Theatre Royal Stratford East's panto, ''Dick Whittington'', opened last week
There is nowhere better to see a pantomime than Stratford East: perfect Victorian theatre, brilliant FOH staff, heaving bar, up-for-it audience, the composer, Robert Hyman, in the pit with two other "live" (well, let's say they're not half-dead) musicians, a journey to the moon (made of cheese) and a Boom Town king rat.
Kerry Michael's lively production – brilliantly designed by Jenny Tiramani and Harriet Barsby – re-jigs the story as a mayoral contest (good against evil) and supplies a good stream of infectious rap and pop musical numbers, ensuring that Dick and Alice are reunited, even though they never lose sight of the main theatrical purpose: they must listen to the bells, not the politicians, nor the family.
The Stratford panto's never one for the purists – which panto ever is since the demise of the Players Theatre burlesques? – but it's definitely a locally tilted subversive gas. The opening proceedings are dominated by Michael Bertenshaw's King Rat, a wannabe mayor with a past as a stand-up chameleon; Dick (Ashley Gerlach) and his cool cat – Tony Jayawardena in a marmalade body suit – are re-defined as a cross-talk support double-act. And then the plot explodes.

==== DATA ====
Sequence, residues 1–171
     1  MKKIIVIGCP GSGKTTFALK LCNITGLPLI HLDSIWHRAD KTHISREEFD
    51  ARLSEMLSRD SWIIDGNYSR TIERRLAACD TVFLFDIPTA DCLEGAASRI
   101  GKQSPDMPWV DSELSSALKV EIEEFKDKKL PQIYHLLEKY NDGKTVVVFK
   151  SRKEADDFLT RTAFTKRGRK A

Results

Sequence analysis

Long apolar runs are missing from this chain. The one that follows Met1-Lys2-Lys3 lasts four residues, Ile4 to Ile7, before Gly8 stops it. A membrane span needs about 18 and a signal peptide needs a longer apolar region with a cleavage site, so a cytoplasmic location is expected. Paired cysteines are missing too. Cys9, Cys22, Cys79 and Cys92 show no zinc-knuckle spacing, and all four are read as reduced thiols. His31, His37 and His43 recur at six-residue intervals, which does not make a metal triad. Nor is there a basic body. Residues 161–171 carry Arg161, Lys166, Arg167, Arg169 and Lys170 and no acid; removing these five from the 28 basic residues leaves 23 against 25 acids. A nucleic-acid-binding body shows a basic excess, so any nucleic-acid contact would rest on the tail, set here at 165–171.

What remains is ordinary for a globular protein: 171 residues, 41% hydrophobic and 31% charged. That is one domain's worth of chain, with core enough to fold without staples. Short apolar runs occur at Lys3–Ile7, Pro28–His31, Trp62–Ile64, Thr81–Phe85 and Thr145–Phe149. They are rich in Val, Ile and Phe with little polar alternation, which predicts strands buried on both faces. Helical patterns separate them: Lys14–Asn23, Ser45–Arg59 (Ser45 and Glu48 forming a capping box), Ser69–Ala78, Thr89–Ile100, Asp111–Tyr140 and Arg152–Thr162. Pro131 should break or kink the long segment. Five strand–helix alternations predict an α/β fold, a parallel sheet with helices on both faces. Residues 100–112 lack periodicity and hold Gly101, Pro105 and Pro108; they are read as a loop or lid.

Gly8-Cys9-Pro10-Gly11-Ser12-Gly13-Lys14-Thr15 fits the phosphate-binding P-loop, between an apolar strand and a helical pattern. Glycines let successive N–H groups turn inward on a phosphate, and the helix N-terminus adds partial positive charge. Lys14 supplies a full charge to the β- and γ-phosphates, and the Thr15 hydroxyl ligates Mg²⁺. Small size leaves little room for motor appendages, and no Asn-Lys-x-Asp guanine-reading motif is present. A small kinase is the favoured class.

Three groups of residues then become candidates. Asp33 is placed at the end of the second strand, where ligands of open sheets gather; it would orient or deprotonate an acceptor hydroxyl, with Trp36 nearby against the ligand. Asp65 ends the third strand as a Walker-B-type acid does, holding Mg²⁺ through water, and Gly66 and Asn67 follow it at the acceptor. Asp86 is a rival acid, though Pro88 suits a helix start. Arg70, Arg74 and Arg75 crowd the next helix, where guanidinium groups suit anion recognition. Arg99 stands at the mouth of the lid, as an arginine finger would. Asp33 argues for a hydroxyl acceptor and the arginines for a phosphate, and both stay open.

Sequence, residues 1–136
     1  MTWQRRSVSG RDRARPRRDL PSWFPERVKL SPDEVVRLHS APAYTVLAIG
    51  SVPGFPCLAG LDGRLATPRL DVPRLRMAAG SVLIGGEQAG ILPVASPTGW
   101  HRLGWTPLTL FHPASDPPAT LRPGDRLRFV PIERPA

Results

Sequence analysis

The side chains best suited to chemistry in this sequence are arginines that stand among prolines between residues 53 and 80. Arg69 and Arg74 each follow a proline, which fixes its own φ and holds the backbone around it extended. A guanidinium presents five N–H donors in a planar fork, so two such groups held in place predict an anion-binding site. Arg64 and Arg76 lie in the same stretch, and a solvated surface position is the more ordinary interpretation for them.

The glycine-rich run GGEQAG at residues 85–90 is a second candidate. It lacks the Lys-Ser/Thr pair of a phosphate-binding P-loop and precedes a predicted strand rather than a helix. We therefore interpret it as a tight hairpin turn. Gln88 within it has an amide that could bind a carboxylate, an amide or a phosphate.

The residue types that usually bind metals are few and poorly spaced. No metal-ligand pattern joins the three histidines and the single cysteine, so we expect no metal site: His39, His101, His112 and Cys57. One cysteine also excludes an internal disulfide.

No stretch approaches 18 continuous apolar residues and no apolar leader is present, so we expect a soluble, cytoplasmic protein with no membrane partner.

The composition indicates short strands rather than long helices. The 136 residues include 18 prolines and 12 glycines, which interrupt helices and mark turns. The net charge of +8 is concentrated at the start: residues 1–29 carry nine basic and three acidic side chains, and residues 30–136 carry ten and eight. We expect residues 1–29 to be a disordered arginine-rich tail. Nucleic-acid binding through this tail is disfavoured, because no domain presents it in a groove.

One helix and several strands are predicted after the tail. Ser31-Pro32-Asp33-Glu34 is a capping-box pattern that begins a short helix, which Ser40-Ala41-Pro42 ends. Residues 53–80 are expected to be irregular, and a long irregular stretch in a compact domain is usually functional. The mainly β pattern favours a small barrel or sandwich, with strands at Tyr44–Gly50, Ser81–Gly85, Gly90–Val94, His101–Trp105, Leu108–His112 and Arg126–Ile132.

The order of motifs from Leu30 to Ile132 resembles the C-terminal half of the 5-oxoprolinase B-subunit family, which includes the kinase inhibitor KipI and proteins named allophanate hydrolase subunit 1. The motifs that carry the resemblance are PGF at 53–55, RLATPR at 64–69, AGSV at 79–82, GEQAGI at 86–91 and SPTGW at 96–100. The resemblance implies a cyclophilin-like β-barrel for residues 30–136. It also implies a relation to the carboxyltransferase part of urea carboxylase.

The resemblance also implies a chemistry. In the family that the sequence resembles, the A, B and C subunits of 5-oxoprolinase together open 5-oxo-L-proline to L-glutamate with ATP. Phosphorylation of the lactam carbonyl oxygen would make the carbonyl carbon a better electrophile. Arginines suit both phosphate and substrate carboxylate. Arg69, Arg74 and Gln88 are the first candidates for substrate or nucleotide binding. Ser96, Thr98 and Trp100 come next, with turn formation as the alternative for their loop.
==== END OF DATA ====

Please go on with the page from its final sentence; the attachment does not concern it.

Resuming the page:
Delroy Atkinson's energetic, original and very funny Shirley the Cook intervenes with news of cheese craters, and the rocket takes off to the moon. There's nothing much going on there, either, so human relationships are resumed with the same old sense of routine. How we get there, and through so many dips and craters, remains a matter of wonder and mystery.
For the pantomime is a thinly disguised metaphor of our domestic status and future prospects. Trish Cooke's book and lyrics strike straight to the heart of the story and there's one really great company number when we all join in with a hymn to Bow Bells, and the audience is inevitably enlisted as a corporation of rat-catchers.
There's one really great company number when we all join in with a hymn to Bow Bells, and the audience is inevitably enlisted as a corporation of rat-catchers. The trip to the moon is accompanied by a pop digest of songs from David Bowie to Elton John and the stage is in a permanent state of flux between a neighbourhood knees-up and a fantasy trip to outer space, the perfect social compromise.